Platelet

Platelet transfusion may be required if you have a low platelet count (thrombocytopaenia). Platelets assist with forming blood clots.

What are platelets?

Platelets are small, disc-shaped cell fragments. A bag of platelets is a cloudy yellow colour.

What is the role of platelets?

Platelets prevent or stop bleeding. If a blood vessel is damaged by trauma, surgery or illness, platelets form a plug, which helps stop bleeding. Platelets are held in place by special proteins in blood until the damage is healed. Platelets also contain growth factors that help to repair damaged body tissue.

Why might I need a platelet transfusion?

You may need a platelet transfusion if you have a low platelet count or platelets that do not work properly causing bleeding or putting you at a high risk of bleeding. This may be due to: 

  • chemotherapy
  • bone marrow transplantation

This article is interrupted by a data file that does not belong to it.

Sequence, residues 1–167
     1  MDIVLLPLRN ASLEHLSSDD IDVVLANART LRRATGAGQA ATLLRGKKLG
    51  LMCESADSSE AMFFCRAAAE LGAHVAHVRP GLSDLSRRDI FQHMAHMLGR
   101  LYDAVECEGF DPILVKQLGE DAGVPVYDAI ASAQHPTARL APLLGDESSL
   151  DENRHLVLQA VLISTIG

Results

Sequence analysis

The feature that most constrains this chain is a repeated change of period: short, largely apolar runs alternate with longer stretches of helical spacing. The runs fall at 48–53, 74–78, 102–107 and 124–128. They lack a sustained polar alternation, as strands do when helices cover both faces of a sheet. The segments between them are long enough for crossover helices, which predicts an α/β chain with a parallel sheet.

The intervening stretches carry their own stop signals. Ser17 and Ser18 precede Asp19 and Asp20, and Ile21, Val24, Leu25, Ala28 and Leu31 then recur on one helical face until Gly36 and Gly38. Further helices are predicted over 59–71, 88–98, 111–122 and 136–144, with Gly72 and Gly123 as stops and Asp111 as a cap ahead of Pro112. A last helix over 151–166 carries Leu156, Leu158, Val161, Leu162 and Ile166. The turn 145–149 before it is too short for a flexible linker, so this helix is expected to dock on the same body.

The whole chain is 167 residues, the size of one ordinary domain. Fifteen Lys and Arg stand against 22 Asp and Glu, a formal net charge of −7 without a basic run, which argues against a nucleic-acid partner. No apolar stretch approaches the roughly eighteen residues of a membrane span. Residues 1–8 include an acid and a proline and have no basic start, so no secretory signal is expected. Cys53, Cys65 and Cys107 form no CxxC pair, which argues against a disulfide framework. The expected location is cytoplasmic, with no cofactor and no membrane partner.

• major surgery
  • liver disease
  • severe trauma
  • some medications

Are there options other than a platelet transfusion?

There are no other options if you need a platelet transfusion. Starting or stopping some medication may help lower some people’s risk of bleeding.

Learn more about avoiding a transfusion and having a transfusion.

HLA compatible platelets

Our human leucocyte antigen (HLA) type or tissue type is inherited from both our parents. There are thousands of human tissue types that exist on the surface of most of our cells including platelets. They are not found on red cells.

A very small group of patients need their platelets to be specially matched because they have HLA antibodies in their blood that can destroy transfused donor platelets. These HLA antibodies can develop during pregnancy, after a platelet transfusion or after organ transplantation.

However, most patients do not require HLA compatible platelets.

Resources 

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